Map Shows Nearly 200 Housing Markets That Could See 20 Percent Price Drop

A new map released this week pinpoints 183 regional U.S. housing markets where prices could decline by as much as 20 percent in the event of a recession.

The map was compiled by Fortune based on data from Moody's Analytics. The research company found that 183 of the 413 largest regional housing markets in the U.S. are "overvalued" by more than 25 percent. The map shows that some of those significantly overvalued markets include Boise, Idaho, which is overvalued by 71.7 percent, and Flagstaff, Arizona, which is overvalued by 60.6 percent.

While being overvalued doesn't necessarily indicate that a market's home prices will fall, significantly overvalued markets historically have a higher risk for seeing price declines, which Moody's Analytics chief economist Mark Zandi said was the case now, Fortune reported. The company expects home prices in those 183 markets to fall by 10 to 15 percent. If the U.S. enters a recession, Moody's Analytics predicts that those markets will see steeper declines of 15 to 20 percent, according to Fortune.

Elevated home prices and mortgage costs, as well as persistent consumer inflation, are among the factors spurring fears that the U.S. housing market could crash. Meanwhile, experts and economists have been discussing the possibility of a recession in recent months, with some saying the U.S. is headed for or already in one.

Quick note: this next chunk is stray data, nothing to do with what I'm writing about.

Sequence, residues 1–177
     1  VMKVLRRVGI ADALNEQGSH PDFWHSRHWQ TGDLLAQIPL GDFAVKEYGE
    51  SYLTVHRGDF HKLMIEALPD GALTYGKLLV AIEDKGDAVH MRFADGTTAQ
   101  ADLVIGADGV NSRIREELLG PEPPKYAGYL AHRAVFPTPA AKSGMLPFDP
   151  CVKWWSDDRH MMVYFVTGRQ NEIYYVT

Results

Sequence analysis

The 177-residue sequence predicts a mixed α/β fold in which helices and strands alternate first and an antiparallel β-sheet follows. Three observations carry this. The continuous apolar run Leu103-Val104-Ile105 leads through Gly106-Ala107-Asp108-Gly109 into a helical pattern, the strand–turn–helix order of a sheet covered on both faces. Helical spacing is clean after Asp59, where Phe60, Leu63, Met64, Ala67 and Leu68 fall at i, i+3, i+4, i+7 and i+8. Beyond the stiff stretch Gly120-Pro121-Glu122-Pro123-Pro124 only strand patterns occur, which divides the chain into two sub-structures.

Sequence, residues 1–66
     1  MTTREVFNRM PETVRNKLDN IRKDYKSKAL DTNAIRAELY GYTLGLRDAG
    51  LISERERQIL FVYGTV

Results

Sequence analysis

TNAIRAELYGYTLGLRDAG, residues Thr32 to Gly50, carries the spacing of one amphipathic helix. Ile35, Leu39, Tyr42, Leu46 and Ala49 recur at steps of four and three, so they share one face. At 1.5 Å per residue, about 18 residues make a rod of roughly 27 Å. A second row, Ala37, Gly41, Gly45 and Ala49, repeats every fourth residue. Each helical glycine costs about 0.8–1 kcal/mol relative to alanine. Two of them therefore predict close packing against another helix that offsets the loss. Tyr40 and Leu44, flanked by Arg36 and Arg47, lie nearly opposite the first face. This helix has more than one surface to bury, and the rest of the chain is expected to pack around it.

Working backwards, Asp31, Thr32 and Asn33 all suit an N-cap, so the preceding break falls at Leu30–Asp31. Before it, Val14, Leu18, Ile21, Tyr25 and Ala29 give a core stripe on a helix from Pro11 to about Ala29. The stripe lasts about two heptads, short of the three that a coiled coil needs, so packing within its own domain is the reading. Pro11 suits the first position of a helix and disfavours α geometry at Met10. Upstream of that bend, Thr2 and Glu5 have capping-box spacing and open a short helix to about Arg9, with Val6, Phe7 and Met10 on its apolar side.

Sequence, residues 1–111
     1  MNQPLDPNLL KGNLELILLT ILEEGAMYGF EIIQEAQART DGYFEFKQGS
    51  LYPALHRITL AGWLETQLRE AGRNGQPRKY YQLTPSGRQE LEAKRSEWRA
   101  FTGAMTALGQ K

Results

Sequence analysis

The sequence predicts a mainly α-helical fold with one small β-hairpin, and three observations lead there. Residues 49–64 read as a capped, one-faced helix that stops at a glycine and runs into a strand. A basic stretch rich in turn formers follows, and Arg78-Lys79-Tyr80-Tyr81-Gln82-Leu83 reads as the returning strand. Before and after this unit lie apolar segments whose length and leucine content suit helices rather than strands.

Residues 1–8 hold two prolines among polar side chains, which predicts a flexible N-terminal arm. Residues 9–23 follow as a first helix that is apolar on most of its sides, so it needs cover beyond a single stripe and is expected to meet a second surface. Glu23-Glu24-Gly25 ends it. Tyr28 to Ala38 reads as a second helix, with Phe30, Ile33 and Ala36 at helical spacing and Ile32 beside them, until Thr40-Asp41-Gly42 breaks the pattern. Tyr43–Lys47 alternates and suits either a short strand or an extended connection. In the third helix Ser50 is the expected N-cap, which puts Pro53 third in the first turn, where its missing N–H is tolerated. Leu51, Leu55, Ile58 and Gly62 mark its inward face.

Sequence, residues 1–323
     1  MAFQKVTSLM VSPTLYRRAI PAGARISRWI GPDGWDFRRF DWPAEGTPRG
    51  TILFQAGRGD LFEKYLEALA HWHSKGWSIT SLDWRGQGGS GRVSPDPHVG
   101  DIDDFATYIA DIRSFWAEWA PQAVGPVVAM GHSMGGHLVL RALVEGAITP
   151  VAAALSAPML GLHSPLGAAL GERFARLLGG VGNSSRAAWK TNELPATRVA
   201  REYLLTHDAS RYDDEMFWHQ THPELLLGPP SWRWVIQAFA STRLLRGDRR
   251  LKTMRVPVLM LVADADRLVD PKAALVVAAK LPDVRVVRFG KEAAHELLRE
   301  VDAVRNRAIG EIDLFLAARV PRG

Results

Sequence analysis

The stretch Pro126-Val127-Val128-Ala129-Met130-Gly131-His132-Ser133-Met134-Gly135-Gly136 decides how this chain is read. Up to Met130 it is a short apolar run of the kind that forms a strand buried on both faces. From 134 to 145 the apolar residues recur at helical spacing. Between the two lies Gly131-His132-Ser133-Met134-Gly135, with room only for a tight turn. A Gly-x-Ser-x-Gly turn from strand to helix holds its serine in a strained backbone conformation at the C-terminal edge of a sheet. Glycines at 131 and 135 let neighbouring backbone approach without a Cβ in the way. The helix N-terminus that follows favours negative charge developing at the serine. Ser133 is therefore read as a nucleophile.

183 Markets Where Home Prices Could Drop
A For Sale sign is posted in front of a property in Monterey Park, California, on August 16, 2022. A new map released this week pinpoints 183 regional U.S. housing markets where prices could decline by as much as 20 percent in the event of a recession. Frederic J. Brown/AFP via Getty Images

When real gross domestic product (GDP) saw its second consecutive quarter of decline this year, the U.S. technically entered a recession under one commonly held definition. But other factors, like the state of the labor market, may also be considered when considering a potential recession. Only a committee of economists at the National Bureau of Economic Research (NBER) can officially declare that the U.S. is in a recession.

While the NBER has yet to make such a declaration, the prospect that the U.S. is in or moving toward a recession indicates that the 183 significantly overvalued housing markets could see the larger 15 to 20 percent home price declines. And home price drops are regarded as one step in the process of a housing bubble burst.

According to Investopedia, a housing bubble usually begins with a boost in housing demand while inventory is limited, which can cause housing prices to spike. That bubble can burst when demand falls or stagnates even while supply increases because of the earlier jump in demand. This can spur a sharp decrease in home prices when the new supply of homes lacks buyers willing or able to pay the higher costs.

While it remains unclear if the U.S. housing market will crash, consumer confidence in the market reached its lowest level since 2011 in July, according to the Fannie Mae Home Purchase Sentiment Index.

"Surveyed consumers continue to express pessimism about homebuying conditions, with only 17 percent of respondents reporting it's a good time to buy a home," it said in a release. "Meanwhile, the percentage of consumers believing it's a good time to sell has begun ticking downward in recent months, falling from 76 percent in May to 67 percent in July."